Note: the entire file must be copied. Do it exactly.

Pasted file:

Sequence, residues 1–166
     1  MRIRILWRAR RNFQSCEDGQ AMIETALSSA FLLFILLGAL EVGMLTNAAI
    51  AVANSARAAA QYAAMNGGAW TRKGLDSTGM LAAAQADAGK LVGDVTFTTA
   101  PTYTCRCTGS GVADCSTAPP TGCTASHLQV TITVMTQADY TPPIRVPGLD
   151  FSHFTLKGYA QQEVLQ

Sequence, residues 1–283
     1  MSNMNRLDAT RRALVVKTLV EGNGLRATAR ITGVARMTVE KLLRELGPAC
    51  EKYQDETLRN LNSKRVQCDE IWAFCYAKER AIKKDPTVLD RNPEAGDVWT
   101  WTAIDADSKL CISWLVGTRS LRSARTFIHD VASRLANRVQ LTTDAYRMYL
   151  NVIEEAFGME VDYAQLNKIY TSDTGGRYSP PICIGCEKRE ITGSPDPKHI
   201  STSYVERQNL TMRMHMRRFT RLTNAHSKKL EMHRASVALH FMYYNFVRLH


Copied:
Sequence, residues 1–166
     1  MRIRILWRAR RNFQSCEDGQ AMIETALSSA FLLFILLGAL EVGMLTNAAI
    51  AVANSARAAA QYAAMNGGAW TRKGLDSTGM LAAAQADAGK LVGDVTFTTA
   101  PTYTCRCTGS GVADCSTAPP TGCTASHLQV TITVMTQADY TPPIRVPGLD
   151  FSHFTLKGYA QQEVLQ

Sequence, residues 1–283
     1  MSNMNRLDAT RRALVVKTLV EGNGLRATAR ITGVARMTVE KLLRELGPAC
    51  EKYQDETLRN LNSKRVQCDE IWAFCYAKER AIKKDPTVLD RNPEAGDVWT
   101  WTAIDADSKL CISWLVGTRS LRSARTFIHD VASRLANRVQ LTTDAYRMYL
   151  NVIEEAFGME VDYAQLNKIY TSDTGGRYSP PICIGCEKRE ITGSPDPKHI
   201  STSYVERQNL TMRMHMRRFT RLTNAHSKKL EMHRASVALH FMYYNFVRLH